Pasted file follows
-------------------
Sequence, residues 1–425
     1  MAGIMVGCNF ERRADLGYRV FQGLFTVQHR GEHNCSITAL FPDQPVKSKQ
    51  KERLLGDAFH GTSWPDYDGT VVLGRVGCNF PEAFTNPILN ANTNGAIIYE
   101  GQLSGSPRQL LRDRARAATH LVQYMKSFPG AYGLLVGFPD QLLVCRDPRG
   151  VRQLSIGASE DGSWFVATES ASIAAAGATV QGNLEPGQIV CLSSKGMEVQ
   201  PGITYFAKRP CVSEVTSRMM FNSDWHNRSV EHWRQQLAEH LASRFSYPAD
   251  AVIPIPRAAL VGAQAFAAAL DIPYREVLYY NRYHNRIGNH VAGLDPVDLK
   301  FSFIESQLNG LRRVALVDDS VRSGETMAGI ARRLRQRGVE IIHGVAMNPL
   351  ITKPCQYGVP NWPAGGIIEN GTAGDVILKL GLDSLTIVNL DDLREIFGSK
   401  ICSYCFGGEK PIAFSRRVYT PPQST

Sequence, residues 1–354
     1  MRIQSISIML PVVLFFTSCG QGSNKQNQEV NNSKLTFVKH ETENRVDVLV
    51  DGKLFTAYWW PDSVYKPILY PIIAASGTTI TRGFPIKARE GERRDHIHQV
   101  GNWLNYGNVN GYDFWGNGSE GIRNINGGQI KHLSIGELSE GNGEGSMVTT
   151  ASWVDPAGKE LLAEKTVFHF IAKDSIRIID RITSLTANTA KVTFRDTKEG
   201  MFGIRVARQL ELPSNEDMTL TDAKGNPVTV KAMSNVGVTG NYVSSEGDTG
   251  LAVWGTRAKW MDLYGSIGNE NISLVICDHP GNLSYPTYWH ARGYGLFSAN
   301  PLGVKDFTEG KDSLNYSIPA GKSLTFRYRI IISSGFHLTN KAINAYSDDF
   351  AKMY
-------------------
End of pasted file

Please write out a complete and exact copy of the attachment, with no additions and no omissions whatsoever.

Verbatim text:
Sequence, residues 1–425
     1  MAGIMVGCNF ERRADLGYRV FQGLFTVQHR GEHNCSITAL FPDQPVKSKQ
    51  KERLLGDAFH GTSWPDYDGT VVLGRVGCNF PEAFTNPILN ANTNGAIIYE
   101  GQLSGSPRQL LRDRARAATH LVQYMKSFPG AYGLLVGFPD QLLVCRDPRG
   151  VRQLSIGASE DGSWFVATES ASIAAAGATV QGNLEPGQIV CLSSKGMEVQ
   201  PGITYFAKRP CVSEVTSRMM FNSDWHNRSV EHWRQQLAEH LASRFSYPAD
   251  AVIPIPRAAL VGAQAFAAAL DIPYREVLYY NRYHNRIGNH VAGLDPVDLK
   301  FSFIESQLNG LRRVALVDDS VRSGETMAGI ARRLRQRGVE IIHGVAMNPL
   351  ITKPCQYGVP NWPAGGIIEN GTAGDVILKL GLDSLTIVNL DDLREIFGSK
   401  ICSYCFGGEK PIAFSRRVYT PPQST

Sequence, residues 1–354
     1  MRIQSISIML PVVLFFTSCG QGSNKQNQEV NNSKLTFVKH ETENRVDVLV
    51  DGKLFTAYWW PDSVYKPILY PIIAASGTTI TRGFPIKARE GERRDHIHQV
   101  GNWLNYGNVN GYDFWGNGSE GIRNINGGQI KHLSIGELSE GNGEGSMVTT
   151  ASWVDPAGKE LLAEKTVFHF IAKDSIRIID RITSLTANTA KVTFRDTKEG
   201  MFGIRVARQL ELPSNEDMTL TDAKGNPVTV KAMSNVGVTG NYVSSEGDTG
   251  LAVWGTRAKW MDLYGSIGNE NISLVICDHP GNLSYPTYWH ARGYGLFSAN
   301  PLGVKDFTEG KDSLNYSIPA GKSLTFRYRI IISSGFHLTN KAINAYSDDF
   351  AKMY